Ari Shavit, Israeli reporter and columnist for Haaretz and author of the new book My Promised Land: The Triumph and Tragedy of Israel, made a quick stop at UCLA on his United States book tour — a stop which galvanized hundreds of Angelenos to clamor for tickets to the unique event, in hopes of hearing the noted journalist speak. Shavit’s new book has reached international acclaim, and has been named one of the best books of the year by both the New York Times Book Review and The Economist.
In his book, Shavit dives into the complexities that define the state of Israel. As the Jewish Journal wrote in “Living at the heart of a ‘Promised Land'”: “The anguish of the believer is not the same as that of the renegade, and Ari Shavit writes as a believer in the Zionist enterprise. Not Zionism in the mystical sense that sweeps away all reality and overlooks all issues and problems, but as a man loves his wife of many years, fully aware of her virtues, fully minded of her flaws and fully embracing the love that is at the core of their relationship. He writes of Israel as ‘we,’ not ‘they.’ He hears in the many discordant Israeli voices that often rage at one another voices that make the society thrive.”
Shavit wrote his novel in English and Hebrew simultaneously; although commissioned by Random House to write in English, Shavit shared that he was writing “for fellow Israelis.” Once Shavit spends another month or so editing the Hebrew, he thinks it will be ready to be released in Israel as well.
Before the public event to discuss his book and its success, Shavit sat down with 20 UCLA community leaders, representing such diverse campus organizations as the Undergraduate Student Association Council, Bruins for Israel, Jewish Learning Initiative on Campus, Hillel at UCLA, J-Street, the Olive Tree Initiative, the Daily Bruin, and Ha’Am, to name a few.
Shavit, sipping his coffee, stated his mission as equally instructive and receptive; he wanted to learn from students about campus climate and their thoughts as much as he wanted to impart his own opinions.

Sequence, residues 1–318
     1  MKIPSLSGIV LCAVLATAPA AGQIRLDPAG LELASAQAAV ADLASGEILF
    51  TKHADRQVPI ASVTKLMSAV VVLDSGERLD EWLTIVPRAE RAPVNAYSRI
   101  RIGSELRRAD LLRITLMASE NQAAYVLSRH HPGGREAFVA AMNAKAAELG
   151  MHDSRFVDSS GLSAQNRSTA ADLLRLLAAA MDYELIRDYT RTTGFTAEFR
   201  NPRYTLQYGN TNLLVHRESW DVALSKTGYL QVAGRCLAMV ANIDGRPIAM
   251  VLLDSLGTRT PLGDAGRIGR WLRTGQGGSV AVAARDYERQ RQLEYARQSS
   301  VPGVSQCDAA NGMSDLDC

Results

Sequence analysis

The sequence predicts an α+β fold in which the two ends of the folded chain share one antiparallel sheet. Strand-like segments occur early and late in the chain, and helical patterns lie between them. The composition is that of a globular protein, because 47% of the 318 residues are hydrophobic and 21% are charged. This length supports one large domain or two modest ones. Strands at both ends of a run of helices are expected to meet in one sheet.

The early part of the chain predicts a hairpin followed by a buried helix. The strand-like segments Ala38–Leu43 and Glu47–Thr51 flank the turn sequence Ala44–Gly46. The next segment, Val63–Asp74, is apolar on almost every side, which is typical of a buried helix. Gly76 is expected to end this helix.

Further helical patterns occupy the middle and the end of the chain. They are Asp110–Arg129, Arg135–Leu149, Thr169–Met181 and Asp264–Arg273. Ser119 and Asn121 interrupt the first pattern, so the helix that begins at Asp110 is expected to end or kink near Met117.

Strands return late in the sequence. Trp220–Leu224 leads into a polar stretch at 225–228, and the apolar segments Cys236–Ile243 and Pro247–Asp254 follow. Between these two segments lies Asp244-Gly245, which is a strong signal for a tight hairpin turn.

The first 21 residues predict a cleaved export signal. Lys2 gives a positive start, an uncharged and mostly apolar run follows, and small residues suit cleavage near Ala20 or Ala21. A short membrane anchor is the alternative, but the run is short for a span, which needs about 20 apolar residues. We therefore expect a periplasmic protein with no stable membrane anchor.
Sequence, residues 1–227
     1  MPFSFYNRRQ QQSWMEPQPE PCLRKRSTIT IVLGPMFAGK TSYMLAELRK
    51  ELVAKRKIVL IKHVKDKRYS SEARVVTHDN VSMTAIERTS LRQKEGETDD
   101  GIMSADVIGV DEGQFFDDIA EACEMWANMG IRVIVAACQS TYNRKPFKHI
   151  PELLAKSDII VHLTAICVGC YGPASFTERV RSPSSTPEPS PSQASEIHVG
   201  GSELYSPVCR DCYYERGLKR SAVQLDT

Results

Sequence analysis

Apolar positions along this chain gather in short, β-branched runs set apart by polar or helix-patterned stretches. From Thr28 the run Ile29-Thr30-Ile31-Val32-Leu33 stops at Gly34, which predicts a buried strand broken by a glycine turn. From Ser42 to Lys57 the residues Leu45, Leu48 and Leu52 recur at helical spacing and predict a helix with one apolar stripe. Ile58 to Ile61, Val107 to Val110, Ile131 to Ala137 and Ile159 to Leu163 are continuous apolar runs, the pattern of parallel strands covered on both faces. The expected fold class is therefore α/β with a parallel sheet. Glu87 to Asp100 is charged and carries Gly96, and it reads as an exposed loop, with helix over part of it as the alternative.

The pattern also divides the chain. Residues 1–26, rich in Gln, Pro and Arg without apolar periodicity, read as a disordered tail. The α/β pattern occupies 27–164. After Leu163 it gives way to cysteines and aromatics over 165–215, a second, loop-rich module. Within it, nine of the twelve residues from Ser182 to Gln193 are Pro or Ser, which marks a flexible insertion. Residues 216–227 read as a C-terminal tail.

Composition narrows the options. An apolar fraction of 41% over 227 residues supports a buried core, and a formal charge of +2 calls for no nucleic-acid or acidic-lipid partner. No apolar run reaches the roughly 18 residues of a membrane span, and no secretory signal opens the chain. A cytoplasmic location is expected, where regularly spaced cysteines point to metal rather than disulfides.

When asked about his opinion on Secretary of State John Kerry’s Israel-Palestine peace plan, Shavit responded: “While I support it, and I am the first one to celebrate it, there needs to be a plan B. I think we’re always trying to reach peace, but have to always continue to understand that it won’t happen right now.” Shavit posited that his ideal plan B would include “the Palestinians launching a nation-building process while Israel is going through [the] nation-saving process of ending occupation. It has to be cautious, gradual, and creative.”
On the subject of peace negotiations with Hamas, Shavit said: “I’m willing to have peace talks with anyone, but I remember that Hamas is wishing to destroy my nation. Their treatment of Christians, gays and women is atrocious. I’m willing to have conversation with Hamas if it converts, meaning that it will recognize Israel and drop the violence. I want to see a change in the way they handle minorities.” Pausing, Shavit then added while wagging his finger, “But don’t you dare play with me.”
Toward the end of the hour and a half meeting, students began to shift in their seats in anticipation of Shavit’s promised discussion about the Boycott, Divestment, and Sanctions movement, and, specifically, Students for Justice in Palestine’s attempt to pass a BDS resolution at UCLA. As soon as the topic was broached, the collective blood pressure of participants in the room rose, and students leaned forward to hear Shavit’s perspective. The last half hour was the divisive bomb that everyone was waiting for — but thanks to Shavit, it never fully went off.
After listening to students’ concerns, Shavit leaned back in his chair and said, “I’m not a fan. I’m into positive resolution. I think you should go into talking to people. BDS is aggressive behavior from people who say they want to promote peace […] If you want to fight what you think is wrong, have a loving dialogue in the Martin Luther King Jr. spirit. […] Israel is the most endangered country in the world, and people tend to forget that. We lost a third of our people in the Holocaust and are endangered by Iran, and people don’t want to take responsibility down the line for a much more catastrophic human disaster.”
Shavit compared vilifying Israel for human rights violations akin to “going into a fire and going after the one candle that’s burning,” when compared to the human rights violations of other countries in the Middle East, as well as in Russia and in China.
“One has to remember 1993, 2000 and 2005,” Shavit added, “when Israelis tried peace and all the times it ended in violence and national trauma. When [Israel was] endangered time and time again and people didn’t come to Israel’s aid, against the spirit of peace and human understanding.”
Still, Shavit advocates for a two-state solution and holds out hope that with careful planning, it can be possible in the distant future.
Shavit, who is currently celebrated for his nuanced reading of complex political situations, reiterated that the Israeli-Palestinian conflict is not a black-and-white issue. He repeated that he would ideally like to see some people from the far right move to the center, and some people from the far left move to the center, so that there can be dialogue. Shavit’s meeting with UCLA community leaders exemplified a positive and open-minded discussion which did not polarize the Israeli-Palestinian conflict, but acknowledged the grey area in between.